Rationing Mammograms

March 24, 1994|By TRB

WASHINGTON — Washington.--In December the National Cancer Institute revised its guidelines on mammogram screening for breast cancer. Previously, it had recommended regular mammograms for all women over age 40. Now it makes no recommendation for those between 40 and 50. Its position is that the evidence is not clear. Women, it says, should study the data and decide for themselves.

This is a deeply unsatisfying recommendation, for two reasons. First, if the experts at the National Cancer Institute can't decide whether mammograms are worth while for women in their 40s, how on earth is a non-expert supposed to decide for herself?

Second, this is not a question that society can leave completely up to individual women. In various circumstances, a decision must be made at the level of social policy. Health-care reform is the most obvious example. If we are going to guarantee something called ''health care'' to everyone -- one way or another -- does that or does it not include mam- mograms for women in their 40s? Even under current arrangements, insurance companies must decide whether this is a benefit they will pay for, and the government must decide whether to cover it in Medicaid. So what's the answer?

It seems obvious, to start, that there is no magical dividing line at age 50. The experts are unanimous that regular mammograms starting at 50 cut the breast cancer death rate by a third. But if mammograms are tremendously valuable at age 50, they can't be worthless at age 49. Clearly it's a continuum: The exam gets more useful as you get older. Anywhere you draw the line is going to be arbitrary.

Mammograms of women in their 40s catch cancer in about one out of 400 cases, and it has to be better to catch it earlier rather than later. What are the drawbacks? The test itself is harmless. There is the psychological trauma of ''false positives,'' initial diagnoses of cancer that turn out to be wrong. And apparently scar tissue from the biopsy of lesions that prove benign can sometimes block the view of genuine cancerous lesions in later years. If that was the entire downside, it would be hard to see the problem with making mammograms standard for women in their 40s.

Of course there's the cost. The National Cancer Institute insists that economic considerations did not figure in its guideline change. But they inevitably figure in real life. If all 18 million American women in their 40s got an annual mammogram, at $150 a pop, that would cost $2.7 billion a year.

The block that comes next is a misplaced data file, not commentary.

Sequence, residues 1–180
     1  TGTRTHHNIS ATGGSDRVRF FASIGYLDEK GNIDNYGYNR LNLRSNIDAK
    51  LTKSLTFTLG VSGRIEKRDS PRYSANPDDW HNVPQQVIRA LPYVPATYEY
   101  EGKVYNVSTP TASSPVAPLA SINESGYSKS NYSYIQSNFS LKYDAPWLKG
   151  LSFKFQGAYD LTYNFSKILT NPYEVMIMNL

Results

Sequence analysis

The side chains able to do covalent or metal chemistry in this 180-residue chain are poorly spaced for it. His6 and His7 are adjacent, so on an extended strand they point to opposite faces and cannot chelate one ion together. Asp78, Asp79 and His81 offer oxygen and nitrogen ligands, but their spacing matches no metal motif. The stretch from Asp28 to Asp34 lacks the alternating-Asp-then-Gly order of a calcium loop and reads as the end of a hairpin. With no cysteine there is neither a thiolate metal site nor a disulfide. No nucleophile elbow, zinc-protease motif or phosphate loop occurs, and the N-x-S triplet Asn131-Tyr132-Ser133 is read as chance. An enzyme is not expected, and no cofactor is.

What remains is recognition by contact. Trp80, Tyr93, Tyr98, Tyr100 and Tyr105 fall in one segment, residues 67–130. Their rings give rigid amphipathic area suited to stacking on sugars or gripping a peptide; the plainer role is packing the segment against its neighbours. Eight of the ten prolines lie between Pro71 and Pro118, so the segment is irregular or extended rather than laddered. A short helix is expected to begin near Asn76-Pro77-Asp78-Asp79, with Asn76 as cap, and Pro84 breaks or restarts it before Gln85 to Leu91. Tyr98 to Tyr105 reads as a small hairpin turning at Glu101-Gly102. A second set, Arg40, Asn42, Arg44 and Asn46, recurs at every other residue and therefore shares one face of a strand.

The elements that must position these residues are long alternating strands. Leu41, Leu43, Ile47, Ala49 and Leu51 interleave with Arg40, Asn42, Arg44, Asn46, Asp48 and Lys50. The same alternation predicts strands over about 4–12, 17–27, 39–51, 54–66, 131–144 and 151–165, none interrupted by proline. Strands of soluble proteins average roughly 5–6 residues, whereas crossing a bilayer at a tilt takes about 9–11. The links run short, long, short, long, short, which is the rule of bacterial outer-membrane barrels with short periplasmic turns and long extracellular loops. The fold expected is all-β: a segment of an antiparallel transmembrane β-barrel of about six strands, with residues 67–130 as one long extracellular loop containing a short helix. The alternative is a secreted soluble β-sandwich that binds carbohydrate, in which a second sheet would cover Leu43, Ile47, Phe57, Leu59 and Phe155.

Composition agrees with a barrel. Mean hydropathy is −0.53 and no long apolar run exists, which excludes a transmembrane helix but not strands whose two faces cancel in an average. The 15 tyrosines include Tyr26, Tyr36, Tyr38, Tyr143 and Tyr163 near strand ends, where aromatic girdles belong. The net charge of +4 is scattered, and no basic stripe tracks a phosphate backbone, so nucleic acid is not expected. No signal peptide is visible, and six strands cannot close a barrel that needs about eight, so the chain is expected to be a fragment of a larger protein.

The institute maintains that there is no good evidence that any lives would be saved as a result. But future studies may change that conclusion. As a very rough back-of-the envelope calculation, take the figure of one in 400 that identify a cancer, and figure that (say) half of those might otherwise have gone undiagnosed until it was too late. It works out to more than $100,000 per life saved.

Worth it? You can argue that one either way. But the larger point doesn't go away in any event. What about women in their 30s? Their 20s? Their teens? The cost per-life-saved goes up, yet the exams are unlikely to prove completely worthless. But you've got to draw the line somewhere, and at the point where you draw that line you are putting a price tag on human life -- even your own life.

Americans are notoriously bad at questions like this. We find it hard to make rational judgments about very small risks of very bad outcomes. Usually, political conservatives are the more hard-headed bunch. They enjoy ridiculing liberal hysteria on matters ranging from environmental hazards to auto safety to nuclear de- terrence. On this question of mammograms, however, they have seen an opportunity to score points off of President Clinton by pandering to exactly the sort of anxieties they usually mock.

The standard benefit package under the Clinton health care reform plan offers mammograms only beginning at age 50. ''As if by imperial edict,'' charges Bernadine Healy, the Clinton plan ''has ruled out screening mammography for women in their 40s.'' She accuses Mr. Clinton of using the institute's revised guidelines ''to justify a cost-based decision to limit women's health-care choices.'' Dr. Healy, formerly director of the National Institutes of Health, is now a Republican Senate candidate from Ohio.

In truth, the Clinton plan ''rules out'' nothing. It defines a minimum benefits package, which any plan purporting to assure health care for everyone must do. Women in their 40s would be perfectly free to have mammograms, and insurance companies would be perfectly free to offer mammogram coverage. And the president's plan would make mammograms available for the first time to millions of women in their 50s, for whom the value is unquestionable.

But the telling phrase is ''cost-based.'' Is it now the ''conservative'' position that any ''cost-based'' health-care decision is immoral? That any consideration of the ratio of cost to benefit amounts to health-care rationing? If so, ''hold onto your wallet,'' as those guys used to like to say.

TRB is a column of The New Republic, written by Michael Kinsley.

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